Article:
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Sixers go `forward' in basketball draft; Inkster rolling now

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The Boston Celtics, already chockablock with winning players, will have to make room for one more next season. That's because the reigning champions just selected 6 ft. 8 in. forward Len Bias of Maryland, perhaps the best athlete available in this week's National Basketball Association draft, which was one of the deepest ever. Bias was not even the first player chosen. That distinction belonged to North Carolina's Brad Daugherty, whose 7-foot height had considerable appeal for the Cleveland Cavaliers. To get the top-rated pivot prospect, the Cavs were willing to make an 11th-hour trade with the Philadelphia 76ers, who will receive veteran Roy Hinson, an all-star-caliber forward, and ``other considerations'' in return.

The Sixers, however, didn't stop there, making another last-minute, blockbuster deal with the Washington Bullets. This multi-player swap sent 6-10 center Moses Malone and 6-6 forward Terry Catledge to the nation's capital in exchange for two other strapping front-court players, 6-10 center Jeff Ruland and 6-9 forward Cliff Robinson.

Pat Williams, the 76ers' general manager, accurately called it ``a dramatic day in the history of the organization,'' then added, ``We now have the finest group of forwards in the league.'' While some teams (Boston, for example) might argue that point, Philly is in the clover, at least in the corners, where Hinson and Robinson will operate in rotation with Julius Erving and Charles Barkley.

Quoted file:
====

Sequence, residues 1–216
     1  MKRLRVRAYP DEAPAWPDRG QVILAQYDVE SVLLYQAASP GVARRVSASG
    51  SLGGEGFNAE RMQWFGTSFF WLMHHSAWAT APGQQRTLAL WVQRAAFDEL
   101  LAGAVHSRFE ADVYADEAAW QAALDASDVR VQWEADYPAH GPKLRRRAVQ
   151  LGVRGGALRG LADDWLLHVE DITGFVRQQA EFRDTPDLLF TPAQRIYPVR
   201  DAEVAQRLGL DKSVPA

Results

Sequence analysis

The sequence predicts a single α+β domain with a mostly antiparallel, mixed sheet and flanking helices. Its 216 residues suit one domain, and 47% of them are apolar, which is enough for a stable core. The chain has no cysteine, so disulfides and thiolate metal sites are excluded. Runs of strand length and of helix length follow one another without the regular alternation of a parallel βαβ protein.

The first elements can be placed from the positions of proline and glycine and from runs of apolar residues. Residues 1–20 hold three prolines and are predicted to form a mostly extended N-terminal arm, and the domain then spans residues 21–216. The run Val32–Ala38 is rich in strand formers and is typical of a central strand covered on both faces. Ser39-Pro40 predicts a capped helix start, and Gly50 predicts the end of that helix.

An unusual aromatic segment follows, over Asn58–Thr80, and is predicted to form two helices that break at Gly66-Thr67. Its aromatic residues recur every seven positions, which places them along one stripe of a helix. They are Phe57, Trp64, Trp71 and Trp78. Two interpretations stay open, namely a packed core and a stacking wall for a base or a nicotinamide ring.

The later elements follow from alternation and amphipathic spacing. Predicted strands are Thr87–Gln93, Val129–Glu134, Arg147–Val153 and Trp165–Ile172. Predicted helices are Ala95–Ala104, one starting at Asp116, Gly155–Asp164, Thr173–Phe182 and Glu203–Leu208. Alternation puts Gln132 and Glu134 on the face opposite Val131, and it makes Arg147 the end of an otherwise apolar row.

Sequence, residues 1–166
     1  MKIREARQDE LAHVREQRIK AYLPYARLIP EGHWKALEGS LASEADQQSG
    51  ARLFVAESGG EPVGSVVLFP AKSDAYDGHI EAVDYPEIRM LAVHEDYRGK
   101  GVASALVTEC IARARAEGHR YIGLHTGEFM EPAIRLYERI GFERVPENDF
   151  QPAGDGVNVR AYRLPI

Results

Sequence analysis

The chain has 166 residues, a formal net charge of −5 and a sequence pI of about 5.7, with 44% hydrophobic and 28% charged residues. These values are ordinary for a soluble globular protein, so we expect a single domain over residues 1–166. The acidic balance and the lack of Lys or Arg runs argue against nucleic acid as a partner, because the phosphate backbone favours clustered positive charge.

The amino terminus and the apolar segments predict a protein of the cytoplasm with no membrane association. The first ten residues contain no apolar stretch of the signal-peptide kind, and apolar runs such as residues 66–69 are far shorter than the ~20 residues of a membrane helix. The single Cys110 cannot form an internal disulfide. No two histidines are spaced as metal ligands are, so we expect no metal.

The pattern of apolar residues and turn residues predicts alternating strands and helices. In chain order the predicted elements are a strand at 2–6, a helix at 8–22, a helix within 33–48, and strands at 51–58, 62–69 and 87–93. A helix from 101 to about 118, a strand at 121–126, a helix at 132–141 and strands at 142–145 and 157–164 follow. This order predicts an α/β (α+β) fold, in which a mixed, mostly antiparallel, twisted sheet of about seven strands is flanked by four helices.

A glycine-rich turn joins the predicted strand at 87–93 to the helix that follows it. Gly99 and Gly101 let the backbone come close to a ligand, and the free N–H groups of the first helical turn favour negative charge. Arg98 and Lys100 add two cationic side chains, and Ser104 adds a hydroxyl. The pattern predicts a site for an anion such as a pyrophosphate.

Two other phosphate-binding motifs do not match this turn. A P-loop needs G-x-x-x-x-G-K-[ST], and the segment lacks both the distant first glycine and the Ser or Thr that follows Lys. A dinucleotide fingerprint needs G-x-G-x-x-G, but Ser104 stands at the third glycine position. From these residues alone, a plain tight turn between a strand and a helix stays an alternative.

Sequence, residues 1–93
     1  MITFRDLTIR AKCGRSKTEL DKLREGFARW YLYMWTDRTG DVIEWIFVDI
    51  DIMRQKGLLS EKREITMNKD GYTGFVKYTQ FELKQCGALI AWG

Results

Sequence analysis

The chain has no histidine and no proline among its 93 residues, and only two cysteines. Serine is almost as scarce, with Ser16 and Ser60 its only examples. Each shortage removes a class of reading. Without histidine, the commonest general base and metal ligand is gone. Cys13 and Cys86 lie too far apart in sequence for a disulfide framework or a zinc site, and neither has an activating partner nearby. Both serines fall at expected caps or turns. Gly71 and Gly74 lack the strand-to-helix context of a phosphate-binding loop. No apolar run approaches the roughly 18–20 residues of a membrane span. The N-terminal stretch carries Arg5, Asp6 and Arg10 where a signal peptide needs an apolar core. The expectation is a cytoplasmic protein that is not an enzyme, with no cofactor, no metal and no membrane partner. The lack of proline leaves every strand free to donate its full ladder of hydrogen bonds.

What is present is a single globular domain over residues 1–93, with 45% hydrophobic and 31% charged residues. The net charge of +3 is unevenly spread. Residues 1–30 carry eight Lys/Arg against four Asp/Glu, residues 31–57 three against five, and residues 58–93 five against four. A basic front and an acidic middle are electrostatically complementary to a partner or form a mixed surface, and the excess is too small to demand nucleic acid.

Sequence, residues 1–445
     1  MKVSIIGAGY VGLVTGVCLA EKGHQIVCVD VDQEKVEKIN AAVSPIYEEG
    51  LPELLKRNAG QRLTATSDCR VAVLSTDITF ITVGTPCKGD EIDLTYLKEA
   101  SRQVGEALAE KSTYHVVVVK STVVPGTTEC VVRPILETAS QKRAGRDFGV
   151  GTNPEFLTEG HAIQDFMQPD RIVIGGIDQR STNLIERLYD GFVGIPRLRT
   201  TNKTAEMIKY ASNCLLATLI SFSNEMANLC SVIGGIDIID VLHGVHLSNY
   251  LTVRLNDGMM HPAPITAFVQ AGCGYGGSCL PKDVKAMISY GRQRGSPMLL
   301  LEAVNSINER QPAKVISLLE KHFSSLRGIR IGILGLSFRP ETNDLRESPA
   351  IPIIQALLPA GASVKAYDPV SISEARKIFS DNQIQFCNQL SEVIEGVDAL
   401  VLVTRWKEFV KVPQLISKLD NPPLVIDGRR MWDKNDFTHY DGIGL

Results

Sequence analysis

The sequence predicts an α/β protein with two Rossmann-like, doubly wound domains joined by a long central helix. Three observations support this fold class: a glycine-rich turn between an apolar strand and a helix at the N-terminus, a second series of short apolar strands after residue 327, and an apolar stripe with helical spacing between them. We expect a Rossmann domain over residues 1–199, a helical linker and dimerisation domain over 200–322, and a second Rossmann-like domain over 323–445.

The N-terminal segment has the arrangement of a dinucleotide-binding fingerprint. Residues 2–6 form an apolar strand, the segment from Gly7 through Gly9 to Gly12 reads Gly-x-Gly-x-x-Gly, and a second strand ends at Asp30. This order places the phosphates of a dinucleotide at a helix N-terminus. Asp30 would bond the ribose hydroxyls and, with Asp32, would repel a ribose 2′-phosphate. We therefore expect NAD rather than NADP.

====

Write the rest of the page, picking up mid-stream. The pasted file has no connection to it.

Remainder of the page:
To the shock of many observers, the Sixers basically ignored what many feel is their greatest need, which is pure height. They were one of the shortest teams in the league last year, and seemingly a cinch to pick Daugherty or another of the talented seven-footers coming out of college.

With Boston in the same division, the situation seemed especially urgent. Then, too, the NBA final, which saw Boston's skyscrapers (Robert Parish, Bill Walton, Kevin McHale) square off against Houston's Twin Towers (Akeem Olajuwon and Ralph Sampson), underlined the importance of big men around the entire league.

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